The Road to Redemption

In Lowell, Jack Kerouac has been better off dead.

In his final years, ravaged by the bad reviews and whiskey that killed him at 47, Jack Kerouac was unwelcome in his hometown of Lowell. He was known for dragging people into Nicky’s bar, buttonholing them with wild stories—and bumming a few drinks while he was at it. Even his oldest friends crossed the street when they saw him coming. “It hurt him,” says Kerouac biographer Gerald Nicosia. “There was always a sense among the older people that he was a sinner. He knew all his life he was a great writer, but they saw a drunk in dirty clothes, pissing on fireplugs.”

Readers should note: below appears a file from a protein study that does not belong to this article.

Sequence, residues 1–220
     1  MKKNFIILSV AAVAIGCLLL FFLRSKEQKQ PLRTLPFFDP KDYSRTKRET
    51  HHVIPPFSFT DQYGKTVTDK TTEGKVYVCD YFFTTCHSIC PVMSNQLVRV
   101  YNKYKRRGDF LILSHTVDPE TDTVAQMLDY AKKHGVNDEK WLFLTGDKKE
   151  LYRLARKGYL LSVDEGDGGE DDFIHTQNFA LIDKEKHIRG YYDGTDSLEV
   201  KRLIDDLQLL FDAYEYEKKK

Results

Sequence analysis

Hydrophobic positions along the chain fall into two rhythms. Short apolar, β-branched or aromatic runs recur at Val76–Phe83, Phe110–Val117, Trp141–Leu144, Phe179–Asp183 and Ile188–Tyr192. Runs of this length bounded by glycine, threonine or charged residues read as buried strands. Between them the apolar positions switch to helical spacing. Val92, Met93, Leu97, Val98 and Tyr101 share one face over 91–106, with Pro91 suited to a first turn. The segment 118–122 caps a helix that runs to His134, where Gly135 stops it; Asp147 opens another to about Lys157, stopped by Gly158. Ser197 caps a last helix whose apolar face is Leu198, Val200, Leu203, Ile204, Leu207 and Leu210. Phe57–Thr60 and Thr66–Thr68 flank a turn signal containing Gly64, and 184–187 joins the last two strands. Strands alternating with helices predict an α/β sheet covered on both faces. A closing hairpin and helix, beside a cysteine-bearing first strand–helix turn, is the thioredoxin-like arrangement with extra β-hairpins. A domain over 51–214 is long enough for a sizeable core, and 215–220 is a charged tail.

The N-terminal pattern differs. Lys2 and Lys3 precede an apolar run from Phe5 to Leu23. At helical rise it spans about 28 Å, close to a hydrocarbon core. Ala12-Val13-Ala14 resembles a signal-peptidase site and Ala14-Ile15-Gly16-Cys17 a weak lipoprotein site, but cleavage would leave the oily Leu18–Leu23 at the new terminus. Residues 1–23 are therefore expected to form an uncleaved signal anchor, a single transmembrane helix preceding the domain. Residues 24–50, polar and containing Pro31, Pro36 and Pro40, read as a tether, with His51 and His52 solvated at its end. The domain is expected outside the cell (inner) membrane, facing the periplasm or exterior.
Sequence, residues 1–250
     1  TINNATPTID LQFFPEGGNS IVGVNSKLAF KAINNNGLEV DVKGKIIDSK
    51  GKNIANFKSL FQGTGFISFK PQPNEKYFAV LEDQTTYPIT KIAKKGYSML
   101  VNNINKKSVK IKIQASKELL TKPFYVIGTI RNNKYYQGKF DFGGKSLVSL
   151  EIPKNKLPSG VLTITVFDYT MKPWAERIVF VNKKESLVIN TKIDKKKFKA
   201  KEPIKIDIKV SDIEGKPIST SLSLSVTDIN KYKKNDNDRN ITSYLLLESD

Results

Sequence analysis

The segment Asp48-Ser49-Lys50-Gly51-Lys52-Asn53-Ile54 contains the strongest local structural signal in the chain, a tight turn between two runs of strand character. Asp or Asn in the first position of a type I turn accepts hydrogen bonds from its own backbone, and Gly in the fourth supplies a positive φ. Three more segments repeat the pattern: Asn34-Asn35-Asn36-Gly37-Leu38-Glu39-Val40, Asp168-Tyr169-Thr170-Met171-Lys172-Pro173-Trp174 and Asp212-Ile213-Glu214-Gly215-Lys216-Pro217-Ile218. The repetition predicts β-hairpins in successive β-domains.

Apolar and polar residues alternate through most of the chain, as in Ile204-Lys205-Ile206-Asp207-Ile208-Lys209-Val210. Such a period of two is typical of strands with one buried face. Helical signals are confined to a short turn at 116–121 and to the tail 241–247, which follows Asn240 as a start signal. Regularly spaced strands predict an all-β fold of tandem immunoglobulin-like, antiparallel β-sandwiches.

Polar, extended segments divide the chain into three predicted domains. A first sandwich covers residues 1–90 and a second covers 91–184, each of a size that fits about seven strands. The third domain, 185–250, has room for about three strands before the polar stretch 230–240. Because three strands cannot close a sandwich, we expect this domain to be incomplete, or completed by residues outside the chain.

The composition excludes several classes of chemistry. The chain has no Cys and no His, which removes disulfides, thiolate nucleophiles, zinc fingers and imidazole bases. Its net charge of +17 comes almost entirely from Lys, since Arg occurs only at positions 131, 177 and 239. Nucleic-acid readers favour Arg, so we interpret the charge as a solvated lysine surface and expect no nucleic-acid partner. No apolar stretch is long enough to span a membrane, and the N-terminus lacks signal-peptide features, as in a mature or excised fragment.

Time has certainly cleaned up the boozehound’s reputation. On 6/15, the city embraces the Beat icon as its favorite son (sorry, Ed McMahon), kicking off a three-month bash to honor the 50th anniversary of Kerouac’s definitive work, On the Road ( Some 20,000 pilgrims are expected to hike, hitch, and roll into town—whispers have it that Johnny Depp, who bought Kerouac’s raincoat for $15,000, might be among them. The original scroll manuscript of On the Road, above, will be on display, and UMass Lowell is set to give Kerouac a posthumous degree. The lovefest will get plenty of ink in the Lowell Sun, the same paper that once canned the author for being too wordy. “It’s very ironic,” Nicosia says. “But the people now making decisions in Lowell grew up with the books, not with the sight of Jack Kerouac the degenerate.”